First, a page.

• The source must also demonstrate that:
  • Repairs were made as expeditiously as possible when the applicable emissions limitations were being exceeded and that off-shift and overtime labor were used to the extent practicable to make these repairs.
  • The frequency, amount, and duration of the excess emissions (including any bypass) were minimized to the maximum extent practicable during periods of such emissions.

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  • If the excess emissions resulted from a bypass of control equipment or a process, the bypass was unavoidable to prevent loss of life, personal injury, or severe property damage.
  • All possible steps were taken to minimize the impact of the excess emissions on ambient air quality, the environment, and human health.
  • All emissions monitoring and control systems were kept in operation, if at all possible, consistent with safety and good air pollution control practices.
  • All actions in response to the excess emissions were documented by properly signed, contemporaneous operating logs.
  • At all times, the affected source was operated in a manner consistent with good practices for minimizing emissions.

The source must also prepare a root cause analysis to determine, correct, and eliminate the primary cause of the malfunction and notify the EPA as soon as possible but no later than 2 days after the occurrence of a malfunction that caused an exceedance of an emissions limit.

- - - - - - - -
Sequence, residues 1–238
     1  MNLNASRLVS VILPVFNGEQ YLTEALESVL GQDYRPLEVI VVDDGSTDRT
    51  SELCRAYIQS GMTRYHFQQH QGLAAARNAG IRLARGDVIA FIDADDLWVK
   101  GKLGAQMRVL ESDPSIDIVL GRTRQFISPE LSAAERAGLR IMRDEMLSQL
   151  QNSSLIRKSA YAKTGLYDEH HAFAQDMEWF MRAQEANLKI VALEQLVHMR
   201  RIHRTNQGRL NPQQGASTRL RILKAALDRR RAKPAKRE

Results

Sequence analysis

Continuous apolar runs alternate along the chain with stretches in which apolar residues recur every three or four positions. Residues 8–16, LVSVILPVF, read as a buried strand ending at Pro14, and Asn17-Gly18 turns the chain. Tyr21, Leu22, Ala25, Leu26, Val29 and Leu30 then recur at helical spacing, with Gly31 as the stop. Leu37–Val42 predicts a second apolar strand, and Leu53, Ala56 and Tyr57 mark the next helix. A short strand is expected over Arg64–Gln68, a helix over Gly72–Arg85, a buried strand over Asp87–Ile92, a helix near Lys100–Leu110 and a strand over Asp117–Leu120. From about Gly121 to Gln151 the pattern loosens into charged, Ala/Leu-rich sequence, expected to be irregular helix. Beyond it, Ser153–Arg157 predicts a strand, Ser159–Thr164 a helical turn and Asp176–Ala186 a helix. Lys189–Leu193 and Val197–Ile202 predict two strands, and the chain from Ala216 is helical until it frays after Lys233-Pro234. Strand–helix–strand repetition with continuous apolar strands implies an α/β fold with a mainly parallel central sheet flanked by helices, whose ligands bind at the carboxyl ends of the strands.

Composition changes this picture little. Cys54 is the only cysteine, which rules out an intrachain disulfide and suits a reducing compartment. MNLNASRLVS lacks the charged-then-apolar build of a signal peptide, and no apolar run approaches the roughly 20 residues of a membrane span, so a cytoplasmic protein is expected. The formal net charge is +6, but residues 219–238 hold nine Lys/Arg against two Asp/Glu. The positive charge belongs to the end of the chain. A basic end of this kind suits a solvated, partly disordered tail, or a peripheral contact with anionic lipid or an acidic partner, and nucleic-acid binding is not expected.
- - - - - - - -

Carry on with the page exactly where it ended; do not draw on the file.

1 thought on “What You Should Know About Claiming Affirmative Defense”

  1. In recent proposed and final NESHAPs, EPA has eliminated the requirement to report the malfunction within 2 days and to file a written report within 45 days, instead incorporating malfunction reporting for affirmative defense purposes within general periodic compliance reports required under other provisions.

    Also, the Sierra Club v. EPA decision did not say that NESHAPs must apply the same standard at all times. To the contrary, the Court recognized that Clean Air Act section 302(k)’s “definition of ’emission standard’ suggests that emissions reduction requirements ‘assure continuous emission reduction’ without necessarily continuously applying a single standard.” 551 F.3d 1271. See also id. at 1021 (“accepting that ‘continuous’ for purposes of the definition of ‘emission standards’ under CAA section 302(k) does not mean unchanging” and referring to the CAA’s requirement that “some” section 112 standard apply continuously). In fact, EPA has promulgated different emission standards for periods of startup and shutdown than for normal operations in some NESHAPs, e.g. Portland Cement. The idea that malfunctions are not susceptible to alternative emission limitations and therefore should be covered by the same emission limitations as apply to normal operations is EPA’s assertion, not something required by the Sierra Club v. EPA opinion.